I’m a little too old, I think, to know how to really waste time on the Internet. I do it, of course, but I don’t think I do it properly: I tend to stay in my rut, visiting the same couple of sites every time, answering the same set of questions. Has there been a world crisis? Is there a vintage oatmeal wrap coat on eBay? Has some foolish tourist made the mistake of asking where to eat in Little Italy on that Manhattan foodie restaurant board? After that, I just sort of sit there, staring blankly.
So, like many old people, I am susceptible to the carnivalesque lures of online blandishments—clickbait, I mean. Why yes, I do want to know what Jane Austen character I am! I had no idea these former child stars were married? I’ll be the judge of that, sir! And when a link to some quiz site, styled of course in Comic Sans, asked if they could guess my age by my vocabulary, well, I thought I’d take them up on it.
I knew they’d think I was old, of course. But I must say, that even by the standards of robot interrogation, this quiz made very little sense. How they could deduce anything from questions like “What GRE word describes you?” or “Which antonym for sad do you use?” (Options: happy, elated, blithe, jubilant, ecstatic.) In a sense, it was a good test, in that you weren’t sure what they were looking for: it wasn’t like a quiz in a teen magazine, where one answer clearly marked you out as a goody-goody, another as a sociopath, and a third as the well-balanced ideal. This one forced a certain honesty.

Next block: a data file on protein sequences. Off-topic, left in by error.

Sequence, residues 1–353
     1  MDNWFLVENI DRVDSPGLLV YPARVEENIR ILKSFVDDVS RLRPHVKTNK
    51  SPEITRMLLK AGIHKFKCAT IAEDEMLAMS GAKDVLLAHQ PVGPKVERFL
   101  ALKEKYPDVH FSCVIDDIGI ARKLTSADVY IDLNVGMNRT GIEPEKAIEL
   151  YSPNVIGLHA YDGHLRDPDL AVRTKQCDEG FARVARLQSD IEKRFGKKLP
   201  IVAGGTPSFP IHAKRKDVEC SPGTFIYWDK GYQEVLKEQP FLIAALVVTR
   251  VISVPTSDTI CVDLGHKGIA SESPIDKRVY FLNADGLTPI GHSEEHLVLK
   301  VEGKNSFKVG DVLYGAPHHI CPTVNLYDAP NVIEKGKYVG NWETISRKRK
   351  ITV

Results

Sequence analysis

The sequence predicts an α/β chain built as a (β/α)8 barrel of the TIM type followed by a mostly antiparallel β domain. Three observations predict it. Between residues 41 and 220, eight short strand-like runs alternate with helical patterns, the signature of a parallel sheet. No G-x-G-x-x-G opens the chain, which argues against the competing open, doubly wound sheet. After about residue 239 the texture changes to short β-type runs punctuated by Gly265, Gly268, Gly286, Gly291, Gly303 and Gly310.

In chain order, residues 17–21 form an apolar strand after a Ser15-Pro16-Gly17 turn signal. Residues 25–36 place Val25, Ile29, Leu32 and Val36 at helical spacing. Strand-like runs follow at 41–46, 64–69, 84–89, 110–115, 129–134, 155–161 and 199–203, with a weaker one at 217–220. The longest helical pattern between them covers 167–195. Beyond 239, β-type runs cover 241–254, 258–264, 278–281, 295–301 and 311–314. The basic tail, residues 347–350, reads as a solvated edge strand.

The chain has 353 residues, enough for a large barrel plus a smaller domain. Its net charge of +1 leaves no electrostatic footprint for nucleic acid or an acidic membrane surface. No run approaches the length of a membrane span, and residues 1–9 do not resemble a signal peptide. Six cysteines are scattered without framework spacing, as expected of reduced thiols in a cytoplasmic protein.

And, clearly, they were doing something right, because this was their verdict:
You Are 68
You’ve studied many languages, providing you with plenty of ways to express yourself. You are storyteller and people love to listen to you. Your voice is full of wisdom and your vocabulary is old-fashioned and immaculate.
Well, that’s true, I thought, give or take thirty-five years. I am a storyteller.
Just to experiment, I decided to take the quiz again, this time choosing what seemed to me the most ludicrous answers. I said my favorite “swear word” was cunt—before I’d been forced to choose damnit (sic)—and that my favorite term for sex was bone. Drunk became swacked—a word I have never heard—and my preferred synonym for wise was suddenly sagely.
I had never felt more alive. Who was I impersonating? Somewhere in the world, did this brain really exist? What were the right answers—and what did it all mean? It was like being under the power of arbitrary ancient deities! When an adverb served as an adjective, did anything matter in the world, really?
Here is what they said. The emphasis is mine.
You Are 45
You are mature and the words you use reflect that. You have a polished voice and a refined vocabulary. You are established and educated. When you speak, people listen. Essentially, you are a language master. You enunciate, you have perfect grammar, and you rarely curse.
I still choose to believe that I am, indeed, an Elizabeth Bennet.
Sadie Stein is contributing editor of The Paris Review, and the Daily’s correspondent.